Party Politics and Decolonization explores the relationship between Conservative Party politics and British colonial policy in tropical Africa during the unbroken period of Conservative government from 1951 to 1964. Based on recently released documentary evidence, much of it never before published, Philip Murphy's study traces the development of Conservative attitudes towards Britain's role as a colonial power and describes reactions within the party to the rapid British withdrawal from Africa following the 1959 General Election.
he has assiduously mined the private papers of numerous organizations and individuals involved with Africa now held at Rhodes house library ... The results are impressive in many ways and provide interesting insights on the run-down of British Power in Africa and its effects on the conservative Party at home ... Murphy is to be commended for throwing new light on this old debate.
`a balanced and clear account of Government policy towards decolonization during the long period of Conservative rule that began with Churchill and ended with Macmillan ... a welcome and valuable study: Philip Murphy is to be commended for choosing such an important and inevitably complex subject, for selecting and controlling the voluminous source material now available so carefully, and for advancing our understanding of the process of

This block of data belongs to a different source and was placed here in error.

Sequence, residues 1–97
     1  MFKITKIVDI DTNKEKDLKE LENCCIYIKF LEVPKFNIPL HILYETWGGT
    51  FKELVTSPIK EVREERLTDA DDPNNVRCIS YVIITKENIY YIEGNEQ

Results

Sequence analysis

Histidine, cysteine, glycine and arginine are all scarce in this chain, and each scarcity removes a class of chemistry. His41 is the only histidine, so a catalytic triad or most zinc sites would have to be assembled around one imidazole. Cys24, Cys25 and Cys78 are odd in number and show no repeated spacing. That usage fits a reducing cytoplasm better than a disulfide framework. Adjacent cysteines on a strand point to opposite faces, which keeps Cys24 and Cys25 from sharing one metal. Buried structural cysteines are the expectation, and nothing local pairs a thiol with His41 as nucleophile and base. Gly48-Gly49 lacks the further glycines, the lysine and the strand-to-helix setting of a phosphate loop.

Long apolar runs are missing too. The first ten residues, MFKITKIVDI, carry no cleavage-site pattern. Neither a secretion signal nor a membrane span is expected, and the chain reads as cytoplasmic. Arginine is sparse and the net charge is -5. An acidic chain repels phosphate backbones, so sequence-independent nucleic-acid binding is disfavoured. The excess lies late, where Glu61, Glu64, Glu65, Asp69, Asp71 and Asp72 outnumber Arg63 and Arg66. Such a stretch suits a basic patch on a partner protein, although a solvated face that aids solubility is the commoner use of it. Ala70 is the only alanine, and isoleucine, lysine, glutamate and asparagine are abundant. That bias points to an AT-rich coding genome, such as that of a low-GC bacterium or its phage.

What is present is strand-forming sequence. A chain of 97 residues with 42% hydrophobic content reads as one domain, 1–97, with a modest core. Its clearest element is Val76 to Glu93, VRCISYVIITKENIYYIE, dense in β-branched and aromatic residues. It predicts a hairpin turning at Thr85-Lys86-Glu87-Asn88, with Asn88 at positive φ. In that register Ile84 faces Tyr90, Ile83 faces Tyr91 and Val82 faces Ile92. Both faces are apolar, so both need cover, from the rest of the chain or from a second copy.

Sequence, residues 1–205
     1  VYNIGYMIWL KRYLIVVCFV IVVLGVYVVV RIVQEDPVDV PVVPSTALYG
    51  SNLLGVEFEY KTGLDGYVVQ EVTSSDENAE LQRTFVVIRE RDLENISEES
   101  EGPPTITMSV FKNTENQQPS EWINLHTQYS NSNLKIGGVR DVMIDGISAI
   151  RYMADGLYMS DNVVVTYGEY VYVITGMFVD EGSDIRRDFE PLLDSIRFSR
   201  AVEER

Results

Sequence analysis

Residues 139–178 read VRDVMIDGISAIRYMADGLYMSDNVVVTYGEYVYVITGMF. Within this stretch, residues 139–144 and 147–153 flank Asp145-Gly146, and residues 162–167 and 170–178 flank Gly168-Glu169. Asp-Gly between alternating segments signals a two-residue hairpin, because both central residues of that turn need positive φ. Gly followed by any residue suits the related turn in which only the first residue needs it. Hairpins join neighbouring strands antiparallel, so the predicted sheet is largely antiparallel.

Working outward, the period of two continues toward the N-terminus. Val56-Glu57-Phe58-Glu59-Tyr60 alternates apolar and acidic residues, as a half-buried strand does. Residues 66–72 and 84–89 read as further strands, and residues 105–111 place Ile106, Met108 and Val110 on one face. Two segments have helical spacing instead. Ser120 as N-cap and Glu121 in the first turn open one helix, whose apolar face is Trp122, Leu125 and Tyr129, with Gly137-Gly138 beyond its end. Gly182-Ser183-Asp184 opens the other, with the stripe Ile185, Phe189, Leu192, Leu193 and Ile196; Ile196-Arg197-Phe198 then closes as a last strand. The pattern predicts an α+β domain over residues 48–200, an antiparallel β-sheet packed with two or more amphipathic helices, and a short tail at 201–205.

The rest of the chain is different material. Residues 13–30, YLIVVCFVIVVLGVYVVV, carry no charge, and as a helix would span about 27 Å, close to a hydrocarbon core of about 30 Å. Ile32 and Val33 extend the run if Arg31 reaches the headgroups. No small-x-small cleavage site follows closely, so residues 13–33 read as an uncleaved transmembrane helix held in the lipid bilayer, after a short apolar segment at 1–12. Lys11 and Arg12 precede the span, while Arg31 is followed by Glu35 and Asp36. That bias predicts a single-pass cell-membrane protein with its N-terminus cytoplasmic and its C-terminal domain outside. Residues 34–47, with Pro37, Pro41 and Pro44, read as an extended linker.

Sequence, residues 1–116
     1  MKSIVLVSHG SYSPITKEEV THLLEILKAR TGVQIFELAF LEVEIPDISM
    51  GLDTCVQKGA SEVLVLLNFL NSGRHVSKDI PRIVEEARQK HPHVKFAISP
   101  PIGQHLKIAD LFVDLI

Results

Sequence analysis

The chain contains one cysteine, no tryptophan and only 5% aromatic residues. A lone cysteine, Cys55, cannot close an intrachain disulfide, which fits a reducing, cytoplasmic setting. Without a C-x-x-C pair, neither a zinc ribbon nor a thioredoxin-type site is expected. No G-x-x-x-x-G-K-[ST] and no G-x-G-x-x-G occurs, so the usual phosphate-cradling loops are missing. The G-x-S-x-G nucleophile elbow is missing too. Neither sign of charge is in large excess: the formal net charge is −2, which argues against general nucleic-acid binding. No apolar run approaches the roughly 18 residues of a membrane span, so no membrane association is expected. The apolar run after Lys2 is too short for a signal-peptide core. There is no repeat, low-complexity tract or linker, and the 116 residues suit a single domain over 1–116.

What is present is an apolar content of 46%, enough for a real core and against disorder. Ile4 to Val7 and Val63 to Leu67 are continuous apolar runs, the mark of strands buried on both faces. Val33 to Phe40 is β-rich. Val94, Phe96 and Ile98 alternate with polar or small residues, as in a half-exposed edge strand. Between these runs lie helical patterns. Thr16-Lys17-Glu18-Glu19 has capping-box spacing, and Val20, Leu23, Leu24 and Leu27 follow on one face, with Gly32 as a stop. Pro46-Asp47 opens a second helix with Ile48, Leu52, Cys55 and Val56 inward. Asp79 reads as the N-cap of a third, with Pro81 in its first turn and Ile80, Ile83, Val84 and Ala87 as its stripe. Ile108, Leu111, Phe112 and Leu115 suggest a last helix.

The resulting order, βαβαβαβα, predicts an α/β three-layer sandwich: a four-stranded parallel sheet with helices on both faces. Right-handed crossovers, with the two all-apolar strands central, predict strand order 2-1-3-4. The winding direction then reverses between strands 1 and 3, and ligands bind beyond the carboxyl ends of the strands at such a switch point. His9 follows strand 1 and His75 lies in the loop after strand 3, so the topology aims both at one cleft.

Times Literary Supplement
`a major contribution to the swelling literature on the end of Empire ... Based on wide archival research and an intimate knowledge of the minutiae of inner-party maneouvrings ... offers subtle yet important revisions to our views both of British Conservativism and British colonialism.'
Stephen Howe, Ruskin College, Oxford, EHR Apr. 97
`The book is well researched and nicely documented. Its greatest appeal will be to graduate students and to specialists in the area.'
P.T. Smith, Saint Joseph's University, Choice, January 1996 Vol33 No.5
`valuable monograph ... Some of the most interesting work in this monograph comes out of Murphy's assured consideration of the treatment of colonial issues within the Conservative Party ... This is a tightly-focused and tightly-argued study, based upon solid research and directed by an acutely critical eye. The nuances of its arguments are complemented by a limpidity of prose rare in books which began as doctoral dissertations. With as fine a monograph as
this, one is always left wanting more.'
Stephen Brooke, Dalhousie University, Parliamentary History, Vol. 16, pt 2 (1997)